Complexity knotwithstanding, these solutions are elegant

For more about Robert Yarger:

For prior Stickman puzzles see:

Saturday, April 8, 2017

What Has Life Tortoise?

It’s sakura (cherry blossom) season and the lovely pink blossoms are resplendent across Japan and in Washington DC here in the US.  The blossoms call to mind the beauty and magic in the world, as does this charming puzzle box from Yoh Kakuda of the Karakuri Creation Group.  Kakuda is known for creating whimsical and nostalgic pieces which take the form of animals and evoke an emotional sentimentality.  “POH” is a giant tortoise with a prominent shell and a bemused expression.  Kakuda has created a few versions of POH, including this one with a striking yosegi checkered pattern on the shell created by yosegi artist Yuta Shimizu.  The details are lovely, including the colorful checkered shell and the green hued wood used for POH’s body.  There’s a lot more to POH than meets the eye.  There are a few nice tricks which are required to open the shell, but the story of Poh is the most interesting of all.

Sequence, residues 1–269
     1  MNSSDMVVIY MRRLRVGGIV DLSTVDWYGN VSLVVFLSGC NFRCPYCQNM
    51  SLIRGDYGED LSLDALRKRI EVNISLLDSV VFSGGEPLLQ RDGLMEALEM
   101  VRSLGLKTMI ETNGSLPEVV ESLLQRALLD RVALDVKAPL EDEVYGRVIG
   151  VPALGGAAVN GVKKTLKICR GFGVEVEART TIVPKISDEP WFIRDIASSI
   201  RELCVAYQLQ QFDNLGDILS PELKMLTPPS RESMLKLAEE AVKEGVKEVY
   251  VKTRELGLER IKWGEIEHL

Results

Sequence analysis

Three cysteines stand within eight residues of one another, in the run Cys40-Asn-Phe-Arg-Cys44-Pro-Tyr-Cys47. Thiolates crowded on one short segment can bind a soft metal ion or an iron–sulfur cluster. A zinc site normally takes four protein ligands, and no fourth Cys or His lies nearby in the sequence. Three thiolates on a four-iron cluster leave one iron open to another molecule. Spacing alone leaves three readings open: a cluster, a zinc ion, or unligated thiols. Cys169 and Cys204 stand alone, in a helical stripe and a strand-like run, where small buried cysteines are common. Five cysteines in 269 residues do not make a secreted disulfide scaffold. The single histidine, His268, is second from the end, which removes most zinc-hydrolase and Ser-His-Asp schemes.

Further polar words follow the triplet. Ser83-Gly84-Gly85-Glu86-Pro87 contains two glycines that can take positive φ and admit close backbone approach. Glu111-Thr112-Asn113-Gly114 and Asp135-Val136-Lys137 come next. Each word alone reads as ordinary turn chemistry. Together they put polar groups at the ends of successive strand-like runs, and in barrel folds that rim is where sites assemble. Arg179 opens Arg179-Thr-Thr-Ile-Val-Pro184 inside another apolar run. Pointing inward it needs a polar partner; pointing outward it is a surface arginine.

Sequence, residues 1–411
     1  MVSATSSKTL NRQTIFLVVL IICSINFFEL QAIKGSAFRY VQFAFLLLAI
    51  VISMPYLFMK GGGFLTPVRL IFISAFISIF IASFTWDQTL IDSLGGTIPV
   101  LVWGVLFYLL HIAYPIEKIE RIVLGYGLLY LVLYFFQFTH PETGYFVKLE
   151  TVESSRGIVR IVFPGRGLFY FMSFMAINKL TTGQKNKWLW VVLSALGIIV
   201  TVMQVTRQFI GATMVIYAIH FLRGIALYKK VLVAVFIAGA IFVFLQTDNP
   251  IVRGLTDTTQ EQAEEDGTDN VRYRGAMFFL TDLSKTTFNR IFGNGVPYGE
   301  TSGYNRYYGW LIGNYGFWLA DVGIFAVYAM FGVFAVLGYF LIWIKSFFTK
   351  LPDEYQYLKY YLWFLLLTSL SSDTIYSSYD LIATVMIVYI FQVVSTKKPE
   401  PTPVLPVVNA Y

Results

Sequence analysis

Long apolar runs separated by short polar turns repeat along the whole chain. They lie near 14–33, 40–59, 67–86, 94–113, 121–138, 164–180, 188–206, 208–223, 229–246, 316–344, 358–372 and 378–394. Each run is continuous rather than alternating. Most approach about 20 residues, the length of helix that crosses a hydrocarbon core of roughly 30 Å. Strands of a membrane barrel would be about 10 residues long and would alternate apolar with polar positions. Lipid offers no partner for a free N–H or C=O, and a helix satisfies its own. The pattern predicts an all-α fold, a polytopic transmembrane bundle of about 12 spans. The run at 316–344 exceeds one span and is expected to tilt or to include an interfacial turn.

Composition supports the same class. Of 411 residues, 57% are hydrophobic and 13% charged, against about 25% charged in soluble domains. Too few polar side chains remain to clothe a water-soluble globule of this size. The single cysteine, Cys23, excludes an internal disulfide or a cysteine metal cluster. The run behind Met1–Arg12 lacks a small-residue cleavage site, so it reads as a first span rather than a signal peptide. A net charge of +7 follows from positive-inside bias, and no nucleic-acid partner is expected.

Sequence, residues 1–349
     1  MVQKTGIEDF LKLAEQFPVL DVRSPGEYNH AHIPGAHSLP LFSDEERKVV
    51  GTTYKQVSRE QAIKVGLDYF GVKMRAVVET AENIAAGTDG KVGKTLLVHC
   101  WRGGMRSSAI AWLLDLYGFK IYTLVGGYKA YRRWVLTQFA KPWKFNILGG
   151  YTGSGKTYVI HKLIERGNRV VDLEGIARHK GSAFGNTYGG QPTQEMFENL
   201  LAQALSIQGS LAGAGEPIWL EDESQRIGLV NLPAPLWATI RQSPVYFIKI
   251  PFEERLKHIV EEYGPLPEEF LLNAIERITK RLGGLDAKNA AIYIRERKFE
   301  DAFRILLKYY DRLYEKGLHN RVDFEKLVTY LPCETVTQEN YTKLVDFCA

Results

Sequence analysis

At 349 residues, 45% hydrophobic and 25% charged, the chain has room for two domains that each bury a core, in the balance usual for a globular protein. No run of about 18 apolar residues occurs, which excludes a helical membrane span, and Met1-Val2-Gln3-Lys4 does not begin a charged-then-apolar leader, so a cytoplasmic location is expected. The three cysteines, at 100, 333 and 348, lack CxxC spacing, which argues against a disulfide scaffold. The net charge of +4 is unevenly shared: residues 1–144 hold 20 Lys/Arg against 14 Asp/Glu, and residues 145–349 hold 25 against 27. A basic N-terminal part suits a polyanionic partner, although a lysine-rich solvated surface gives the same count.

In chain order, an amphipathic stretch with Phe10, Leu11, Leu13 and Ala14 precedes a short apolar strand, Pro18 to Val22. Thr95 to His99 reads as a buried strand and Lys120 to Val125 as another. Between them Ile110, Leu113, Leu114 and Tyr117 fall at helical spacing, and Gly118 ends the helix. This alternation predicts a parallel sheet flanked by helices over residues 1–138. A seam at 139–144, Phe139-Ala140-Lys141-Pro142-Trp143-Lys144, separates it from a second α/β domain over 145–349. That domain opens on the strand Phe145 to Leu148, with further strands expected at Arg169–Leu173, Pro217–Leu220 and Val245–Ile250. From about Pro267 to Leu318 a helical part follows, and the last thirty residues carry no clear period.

POH by Yoh Kakuda

The Japanese novelist Shinji Ishii published his first book, Once Upon a Swing, in 2000.  In that novel, there is another story, written by one of the main characters when he was four years old. This story in a story is called “Typhoon”, and is about a fisherman who braves a storm, only to survive and live alone after his entire village is wiped out.  It’s fatalistic and alarming, and surreal as part of the larger story.  It’s hard to believe it was written by a four year old child, but this is a fictional story, after all.  Amazingly, it actually was written, exactly as published, by Shinji Ishii when he was four years old.  He has been writing this way since he could write.  His style has been described as “Gabriel García Márquez and a splash [of] John Irving and Roald Dahl under the direction of Tim Burton”.1